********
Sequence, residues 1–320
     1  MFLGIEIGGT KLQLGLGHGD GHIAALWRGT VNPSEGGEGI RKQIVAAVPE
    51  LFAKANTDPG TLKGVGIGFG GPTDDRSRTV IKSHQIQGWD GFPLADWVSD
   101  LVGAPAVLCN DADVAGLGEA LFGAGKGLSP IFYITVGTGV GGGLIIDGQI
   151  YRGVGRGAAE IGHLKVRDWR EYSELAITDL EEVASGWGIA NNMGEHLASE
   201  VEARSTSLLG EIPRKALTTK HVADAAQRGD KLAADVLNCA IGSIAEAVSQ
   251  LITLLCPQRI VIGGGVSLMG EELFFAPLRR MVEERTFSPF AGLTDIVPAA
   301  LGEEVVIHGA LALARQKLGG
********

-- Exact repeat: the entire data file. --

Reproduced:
Sequence, residues 1–320
     1  MFLGIEIGGT KLQLGLGHGD GHIAALWRGT VNPSEGGEGI RKQIVAAVPE
    51  LFAKANTDPG TLKGVGIGFG GPTDDRSRTV IKSHQIQGWD GFPLADWVSD
   101  LVGAPAVLCN DADVAGLGEA LFGAGKGLSP IFYITVGTGV GGGLIIDGQI
   151  YRGVGRGAAE IGHLKVRDWR EYSELAITDL EEVASGWGIA NNMGEHLASE
   201  VEARSTSLLG EIPRKALTTK HVADAAQRGD KLAADVLNCA IGSIAEAVSQ
   251  LITLLCPQRI VIGGGVSLMG EELFFAPLRR MVEERTFSPF AGLTDIVPAA
   301  LGEEVVIHGA LALARQKLGG